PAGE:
As an origin story it seeps the Joker into a desolate and starved Gotham, the cast is not unnecessarily spread, and nothing felt out of place. It was a neatly contained movie and a standalone story that alluded to a few renditions of the Joker’s elusive past but did not relegate its potential to be fixed on just one. I find this was masterfully and purposefully done. Though very much grounded in the hypothetical city of Gotham, Todd Phillips, the director of the film, stated he witnessed the entirety of Gotham’s elements as characters alongside the Joker/Arthur Fleck, as it is an individual story. Hence the music, location and time-period, were all very much important. The film is set in 1981, and Gotham is on the brink in many ways. This is the basis Arthur Fleck develops from. My understanding of the Joker is as a phenomenon with multiple origins, one of the main nemeses of Batman’s, and a thrilling wildcard obsessed with rattling people’s cages. Though this film is different and exposed a route to understanding what could lead to ‘The Joker’ in this hypothetical setting. At its bare bones, the film itself makes me consider how we interact with people on a human level. There is a “one-upmanship” with communication, where we impose on each other, we see someone as weaker, a joke, and demean them whether playfully or at their expense, we are naturally inconsiderate by just how we exist. There’s a cold shoulder, lack of accountability and expectation to see people or help by not contributing to the animosity in already stressed lives. It contains a lot of nuance and elements of Gotham that mimic real inner swollen city livelihoods. Such as the coldness in acknowledging people, the preconceptions and status we exact on each other and the volatile and damaged states of mind.

I really appreciated Todd Phillips interpretation of Gotham and Joaquin Phoneix’s brilliance in acting. The film truly has a handmade feel. Another thing that impressed me was Todd asking the composer Hildur Guðnadóttir to write music, based only off material she read in the script. Joaquin’s performances were inspired by the sound written to the music, and I find that fantastic. Hildur also composed the Chernobyl (2019) series music, which makes a lot of sense, and the score is dark, unnerving and is very much a presence in the film. As someone who loves a score, I adore the composition of the film. Joaquin also had the freedom to utilise a room and see where he saw it best fit to perform a part of the script. Todd describes this all as the magic of making movies, and it certainly had an ethereal touch. Thinking about it, I actually love this film. It ticks all the impressionable boxes for me. Instead of a now usual Comic Book genre type film with “big CGI events” as Todd describes it, we received a deep dive into a character and the daunting city they’re from. There’s no overcooked action sequence that occurs just to show the violent range of the protagonist.

Joker is a perplexing story that recognises trauma through the lens of a psychological thriller. In conclusion, when asked about the criticism of mental health issues being related to an infamous character like Joker Joaquin stated how irresponsible it is to discuss. In this social media age, we do tend to look to critique and cancel as it’s a culture. For such media platforms to threat over cinema shootings or violence is indirectly inspiring, Todd Phillips even made some comments on this “woke culture” and how it has impacted comedy, this was his first thriller and it was more than well done. Similarly, to ideas within the film, I do not think woke culture has entirely overridden comedy, but it is more-so weary of the impact we have on each other. To what degree its concerns should be capitalised on I am unsure, but as long as the conversation is recognised and not simply damning, we always have something to learn.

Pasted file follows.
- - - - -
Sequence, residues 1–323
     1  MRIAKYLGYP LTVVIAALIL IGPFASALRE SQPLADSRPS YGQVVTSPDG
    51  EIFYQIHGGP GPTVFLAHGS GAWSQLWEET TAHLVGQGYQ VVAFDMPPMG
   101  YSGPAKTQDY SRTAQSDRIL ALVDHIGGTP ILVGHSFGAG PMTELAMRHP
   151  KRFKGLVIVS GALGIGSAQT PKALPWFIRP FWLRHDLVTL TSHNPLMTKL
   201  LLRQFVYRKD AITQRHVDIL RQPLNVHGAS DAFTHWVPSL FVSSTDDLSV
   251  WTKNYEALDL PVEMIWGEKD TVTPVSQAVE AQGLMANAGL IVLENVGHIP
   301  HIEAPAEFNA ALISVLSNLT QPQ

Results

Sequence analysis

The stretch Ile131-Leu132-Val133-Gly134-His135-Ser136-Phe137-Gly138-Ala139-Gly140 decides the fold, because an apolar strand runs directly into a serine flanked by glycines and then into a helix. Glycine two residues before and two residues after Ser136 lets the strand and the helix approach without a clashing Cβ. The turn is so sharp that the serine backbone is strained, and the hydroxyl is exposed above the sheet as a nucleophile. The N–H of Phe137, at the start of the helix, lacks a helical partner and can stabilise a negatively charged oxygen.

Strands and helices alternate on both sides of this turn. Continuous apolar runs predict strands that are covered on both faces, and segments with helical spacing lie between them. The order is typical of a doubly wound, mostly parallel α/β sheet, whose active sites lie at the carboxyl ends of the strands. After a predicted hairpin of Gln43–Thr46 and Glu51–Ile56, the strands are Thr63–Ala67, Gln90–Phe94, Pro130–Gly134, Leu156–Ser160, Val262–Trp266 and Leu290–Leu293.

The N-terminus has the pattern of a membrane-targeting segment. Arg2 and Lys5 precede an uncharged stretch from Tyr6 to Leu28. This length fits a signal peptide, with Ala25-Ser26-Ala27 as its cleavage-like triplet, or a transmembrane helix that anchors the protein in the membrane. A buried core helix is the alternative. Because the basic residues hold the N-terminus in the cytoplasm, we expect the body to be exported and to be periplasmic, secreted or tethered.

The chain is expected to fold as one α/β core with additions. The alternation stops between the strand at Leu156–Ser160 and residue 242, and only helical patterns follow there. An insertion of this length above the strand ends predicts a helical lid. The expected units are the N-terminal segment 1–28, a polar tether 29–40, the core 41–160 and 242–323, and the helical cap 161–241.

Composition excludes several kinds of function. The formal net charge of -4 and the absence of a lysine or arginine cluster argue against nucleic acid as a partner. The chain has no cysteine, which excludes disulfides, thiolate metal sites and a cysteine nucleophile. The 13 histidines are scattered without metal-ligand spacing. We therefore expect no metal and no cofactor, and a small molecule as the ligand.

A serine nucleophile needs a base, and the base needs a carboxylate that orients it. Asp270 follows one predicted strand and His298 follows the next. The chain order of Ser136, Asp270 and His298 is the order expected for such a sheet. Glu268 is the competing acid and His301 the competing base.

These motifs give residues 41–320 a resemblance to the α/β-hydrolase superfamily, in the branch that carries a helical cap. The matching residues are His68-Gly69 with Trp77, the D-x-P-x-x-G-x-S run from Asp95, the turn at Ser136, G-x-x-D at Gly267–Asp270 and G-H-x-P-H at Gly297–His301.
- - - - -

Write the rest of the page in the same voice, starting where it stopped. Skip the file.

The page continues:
Three nine two…months in

Author of The 392 Ashley Hickson-Lovence tells us about his first two months as a published debut author.

It was moments after I had just got off the Megabus at Stratford that I finally felt like a proper published author. I hopped off the coach and braved Westfield to have a look in Foyles and, as I entered, I immediately spotted my recognisably red and black cover sitting alongside the likes of Michelle Obama, Candice Carty-Williams, Akala, Jeffrey Boakye and others under the ‘Foyles Choice’ section. I had spotted The 392 in shops before – sometimes on the main table, sometimes hidden on a shelf, sometimes on a trolley – but this sight took me by surprise, being in such esteemed company felt special.

My little novel is told from different passengers’ perspectives as a single-decker London bus negotiates the gentrified streets of Hackney and Islington. We hear from a range of different characters, of varying ages and backgrounds, over the course of 36 minutes as a suspected terrorist loiters at the front shouldering a cumbersome rucksack. Today, two months after its release, I’ve been reassured that The 392 continues to sell steadily which is a pleasant relief. I knew in signing with an indie press, with a small/non-existent marketing budget, it would be a much slower burn compared to releasing it with a bigger publishing house. This is not to say that this has been to the detriment of the success of the book so far; in just two months there have been some incredible highs. The London launch at Second Home London Fields in April for example, was probably the best night of my life. Former colleagues, friends and family all joined me to celebrate The 392’s release into the world in style. In a packed programme hosted by JJ Bola, featuring a Q+A with writing royalty Irenosen Okojie and mesmerising poetry performances by Deshawn McKinney, MC Angel, Sophia Thakur and Suli Breaks, there is no doubt that this was another example of a fantastic OWN IT! launch event.